Nucleotide excision repair (NER) is the major DNA repair mechanism that removes bulky DNA damage
products caused by UVB radiation as well as other environmental carcinogens. As a subtype of canonical
NER, global genome NER (GG-NER) repairs DNA damage across the whole genome, and is essential for
preventing skin cancer, the most common cancer in the US, as well as cancers in the brain and lungs 1-7.
However, the molecular mechanism of regulating GG-NER capacity remains poorly understood. Recently, we
discovered a novel role for METTL14 (methyltransferase-like 14), as a key component of the N6-
methyladenosine (m6A) RNA methyltransferase and writer, in promoting GG-NER and suppressing tumor
growth. m6A RNA methylation is the most abundant internal chemical modification in eukaryotic messenger
RNA (mRNA) as well as long non-coding RNA (lncRNA). m6A modification regulates the fate of RNA and its
functions, such as mRNA stability, nuclear processing, transport, localization, translation, primary microRNA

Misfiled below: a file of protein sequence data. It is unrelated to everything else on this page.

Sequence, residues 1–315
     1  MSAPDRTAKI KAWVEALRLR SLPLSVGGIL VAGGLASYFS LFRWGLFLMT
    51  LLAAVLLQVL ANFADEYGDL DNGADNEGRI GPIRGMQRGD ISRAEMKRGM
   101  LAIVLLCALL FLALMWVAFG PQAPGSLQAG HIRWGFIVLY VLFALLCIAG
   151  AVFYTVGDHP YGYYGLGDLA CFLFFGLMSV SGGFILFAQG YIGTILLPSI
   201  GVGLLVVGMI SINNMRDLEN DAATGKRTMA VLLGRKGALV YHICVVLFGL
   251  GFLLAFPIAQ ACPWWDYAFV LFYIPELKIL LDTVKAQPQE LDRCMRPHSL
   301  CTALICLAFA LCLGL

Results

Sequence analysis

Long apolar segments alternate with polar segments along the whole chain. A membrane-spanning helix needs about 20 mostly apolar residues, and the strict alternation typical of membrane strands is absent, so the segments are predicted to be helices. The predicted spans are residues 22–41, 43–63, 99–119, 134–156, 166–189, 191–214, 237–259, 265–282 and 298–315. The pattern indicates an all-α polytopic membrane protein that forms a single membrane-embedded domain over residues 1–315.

processing, and RNA-protein interactions. The goal of this proposal is to determine the mechanism by which
METTL14, as a key m6A writer, regulates GG-NER and UVB-induced skin cancer. Our preliminary data
suggest that METTL14, as a key m6A writer protein, plays a critical role in regulating GG-NER and skin
tumorigenesis. Thus we hypothesize that METTL14, as a key m6A writer, plays a critical role in GG-NER and
UVB-induced skin cancer through posttranscriptionally regulating the expression of its essential target genes.
To test this hypothesis, we will employ several new methods including transcriptome-wide m6A mapping,
eCLIP-seq, and RIP-seq. In addition, we will use a new mouse model with skin-specific METTL14 deletion. Our
hypothesis will be tested in three Specific Aims. Aim 1 will determine the mechanism by which METTL14
regulates GG-NER. Aim 2 will determine the mechanism by which UVB radiation down-regulates METTL14.
Aim 3 will determine the consequences of METTL14 inhibition in UVB-induced skin tumorigenesis in mice.
Successful completion of our proposed project may vastly expand our knowledge of GG-NER regulation and
tumor suppression by METTL14 and m6A RNA methylation, providing new opportunities for developing better
strategies to prevent and treat skin cancer by targeting the METTL14 pathway. Caners arise in the skin more
than in any other organ site, most likely due to environmental damage. In addition, our work here in GG-NER
and METLL14 is not only significant in skin cancer, but is also applicable to other tumor types as well.